Whitney Burch
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What to Do if You Accidentally Put Diesel Fuel in Your Car

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No matter how many times you’ve visited the gas station, chances are you’ve noticed that special nozzle and button usually placed at the end of the gas selector display marked “diesel.”

Sometimes it’s right next to the other gas selections like regular, mid-grade, and premium. Other gas stations have a separate gas pump just for diesel, so the only gas selection display you should see should look like this gasoline-only pump.

gas pump

Photo: osseous

Other times, the diesel button is located off to the side all by itself, like this one.

gas pump

Quite a helpful design to minimize the chance that a person accidentally puts diesel fuel in their car’s gasoline-only engine.
Photo: carlie b

But what if you accidentally put diesel fuel in your car? Say for instance, you are running on a total of six hours of sleep for the week and your mind is mush. Or you forgot to grab some much-needed coffee on your way to work to help disperse the clouds of brain fog. Or it’s late at night and you just happen to run out of gas before you head home and stop by an unfamiliar gas station and the gas pump buttons just look wonky.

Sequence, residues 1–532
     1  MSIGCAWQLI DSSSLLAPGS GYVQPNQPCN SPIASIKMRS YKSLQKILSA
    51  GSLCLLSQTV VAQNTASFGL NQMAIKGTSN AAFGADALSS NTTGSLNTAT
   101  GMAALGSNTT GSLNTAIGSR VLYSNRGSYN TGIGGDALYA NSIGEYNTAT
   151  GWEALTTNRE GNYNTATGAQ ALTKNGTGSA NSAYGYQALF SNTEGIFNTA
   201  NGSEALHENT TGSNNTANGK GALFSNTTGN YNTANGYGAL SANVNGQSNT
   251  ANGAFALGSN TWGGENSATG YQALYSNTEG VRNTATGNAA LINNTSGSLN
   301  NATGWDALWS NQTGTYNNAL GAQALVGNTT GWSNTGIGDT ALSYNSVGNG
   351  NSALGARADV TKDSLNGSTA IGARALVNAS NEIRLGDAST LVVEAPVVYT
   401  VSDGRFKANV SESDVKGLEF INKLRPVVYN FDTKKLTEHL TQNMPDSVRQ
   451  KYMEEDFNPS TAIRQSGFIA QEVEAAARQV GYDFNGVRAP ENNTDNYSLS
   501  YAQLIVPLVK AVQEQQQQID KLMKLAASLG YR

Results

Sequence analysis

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Here’s what to do if you put diesel in your vehicle

  1. If you fill up your tank with diesel and realize it right away, then don’t start your vehicle. Call for a tow and have a local mechanic flush out the fuel tank to prevent any permanent harm to your vehicle.
  2. If you put diesel fuel in your vehicle, turn on the engine, and maybe even drive it for a few miles before realizing your mistake, pull over as soon as you can and turn off the engine. Contact a mechanic for a tow and request a fuel tank flush.

How much you should expect to pay